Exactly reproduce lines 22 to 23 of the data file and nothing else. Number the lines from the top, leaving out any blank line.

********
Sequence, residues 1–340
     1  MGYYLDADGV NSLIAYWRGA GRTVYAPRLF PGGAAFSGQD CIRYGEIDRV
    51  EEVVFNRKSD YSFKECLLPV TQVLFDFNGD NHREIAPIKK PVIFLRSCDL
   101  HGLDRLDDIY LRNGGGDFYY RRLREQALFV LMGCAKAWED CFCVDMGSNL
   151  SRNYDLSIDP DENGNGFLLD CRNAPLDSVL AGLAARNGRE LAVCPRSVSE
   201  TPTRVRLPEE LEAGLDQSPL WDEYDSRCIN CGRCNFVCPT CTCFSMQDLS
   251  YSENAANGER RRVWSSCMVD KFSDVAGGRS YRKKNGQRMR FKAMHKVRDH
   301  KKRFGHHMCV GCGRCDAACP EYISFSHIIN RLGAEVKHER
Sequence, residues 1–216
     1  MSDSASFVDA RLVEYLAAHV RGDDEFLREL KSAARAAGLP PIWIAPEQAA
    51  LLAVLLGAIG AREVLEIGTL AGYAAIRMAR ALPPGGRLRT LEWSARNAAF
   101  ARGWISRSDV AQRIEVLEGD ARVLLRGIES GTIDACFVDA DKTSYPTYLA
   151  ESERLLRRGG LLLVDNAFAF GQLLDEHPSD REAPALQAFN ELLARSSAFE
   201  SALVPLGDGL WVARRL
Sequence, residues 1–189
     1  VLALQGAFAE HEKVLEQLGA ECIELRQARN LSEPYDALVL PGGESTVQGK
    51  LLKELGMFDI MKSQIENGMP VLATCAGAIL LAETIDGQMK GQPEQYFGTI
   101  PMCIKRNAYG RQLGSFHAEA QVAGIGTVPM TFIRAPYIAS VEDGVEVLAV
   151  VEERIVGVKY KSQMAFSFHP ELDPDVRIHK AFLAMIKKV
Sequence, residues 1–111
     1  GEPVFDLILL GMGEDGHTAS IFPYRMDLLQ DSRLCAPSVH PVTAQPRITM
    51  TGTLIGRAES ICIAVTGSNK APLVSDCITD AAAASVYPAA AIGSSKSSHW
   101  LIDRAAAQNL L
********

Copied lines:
    51  TGTLIGRAES ICIAVTGSNK APLVSDCITD AAAASVYPAA AIGSSKSSHW
   101  LIDRAAAQNL L